10 Unhealthiest Coffee Drinks to Always Leave on Grocery Store Shelves — Eat This Not That

10 Unhealthiest Coffee Drinks to Always Leave on Grocery Store Shelves — Eat This Not That

Studies have repeatedly shown that drinking a cup or two of coffee daily has many health benefits. According to Healthline, beyond the short-term energy boost (and increased dose of feel-good dopamine that accompanies it), drinking a serving or two of coffee daily can reduce the chances you’ll develop type 2 diabetes, can stave off dementia and cognitive decline, is good for your heart and liver, and may even reduce the risk of depression. All that good stuff noted, it’s important to keep in mind that those benefits come from drinking regular coffee. And while adding a bit of milk, cream, or a non-dairy option to your cup of joe won’t negate the health benefits, coffee consumed with lots of sweeteners will reduce the benefits of coffee and may actually be harmful. That’s very much the case with these ten unhealthiest coffee drinks you should leave on the shelves if you value health and wellness.

(Plus, if you’re seeking out lunch be sure to skip the 8 Worst Fast-Food Burgers to Stay Away From Right Now.)

Starbucks Frappuccino Chilled Coffee Drink

Per bottle: 300 calories, 4.5 g fat (3 g saturated fat), 140 mg sodium, 54 g carbs (0 g fiber, 47 g sugar), 9 g protein

Sure, the Starbucks Frappuccino is the OG cold coffee drink and you have likely guzzled many a bottle of this classic, but it’s wise to make the last one you had your last. Why? Because one 13.7-ounce bottle, which counts as a single serving, has 47 grams of sugar. That number surpasses the amount an adult woman (24 grams) or man (36 grams) should consume in a day, via Harvard’s School of Public Health. Also, it contains 4.5 grams of fat and three grams of saturated fat.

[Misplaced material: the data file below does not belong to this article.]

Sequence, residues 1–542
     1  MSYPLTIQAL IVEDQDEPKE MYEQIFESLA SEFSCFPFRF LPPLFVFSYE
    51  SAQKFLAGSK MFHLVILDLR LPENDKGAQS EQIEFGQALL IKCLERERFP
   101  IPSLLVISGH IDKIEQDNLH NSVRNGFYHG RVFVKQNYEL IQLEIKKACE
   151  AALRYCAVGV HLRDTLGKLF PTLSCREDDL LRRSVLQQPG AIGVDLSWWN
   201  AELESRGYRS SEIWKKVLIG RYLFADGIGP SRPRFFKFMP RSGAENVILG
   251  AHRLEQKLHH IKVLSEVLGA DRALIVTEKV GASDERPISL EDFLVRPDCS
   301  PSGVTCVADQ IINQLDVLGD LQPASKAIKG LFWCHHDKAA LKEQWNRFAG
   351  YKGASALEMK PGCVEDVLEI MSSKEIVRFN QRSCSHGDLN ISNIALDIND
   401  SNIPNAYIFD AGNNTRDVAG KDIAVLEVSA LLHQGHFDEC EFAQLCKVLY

Dunkin' Iced Coffee French Vanilla

Per bottle: 270 calories, 9 g fat (5 g saturated fat), 100 mg sodium, 42 g carbs (0 g fiber, 40 g sugar), 7 g protein

Dunkin’s Ice Coffee French Vanilla doesn’t fare much better than the Starbucks Frappuccino with 40 grams of total sugar. Watch out for the fat too. The five grams of saturated fat equal a quarter of a day’s limit.

Dunkin' Iced Coffee Girl Scout Coconut Caramel

Per bottle: 250 calories, 7 g fat (4.5 g saturated fat), 180 mg sodium,38 g carbs ( 0g fiber, 37 g sugar), 7 g protein

Sure, Samoa Girl Scout Cookies are amazing. And granted, you know they’re not healthy, they’re a treat. But when it comes to treating yourself coffee beverage-wise, it’s best to leave this Girl Scout Cookie-inspired drink on the shelf. That’s because this beverage has 37 grams of sugar, 4.5 grams of saturated fat, and 30 milligrams of cholesterol.

RELATED: 11 Secrets Dunkin’ Doesn’t Want You to Know

Monster Energy Java Monster Mean Bean

Per bottle: 220 calories, 4.5 g fat (3 g saturated fat), 460 mg sodium,37 g carbs (0 g fiber, 35 g sugar), 8 g protein

There are a lot of reasons to stay away from a can of Monster Energy Java Monster Mean Bean coffee beverage, but let’s just focus on three. First, there’s the sugar, which at 35 grams total, is exorbitantly high. Next there’s the sodium: One can has 460 milligrams or 20% of your daily total. Then there’s the saturated fat, with is three grams, constituting 15% of a day’s allotment.

Starbucks Doubleshot Energy Coffee Beverage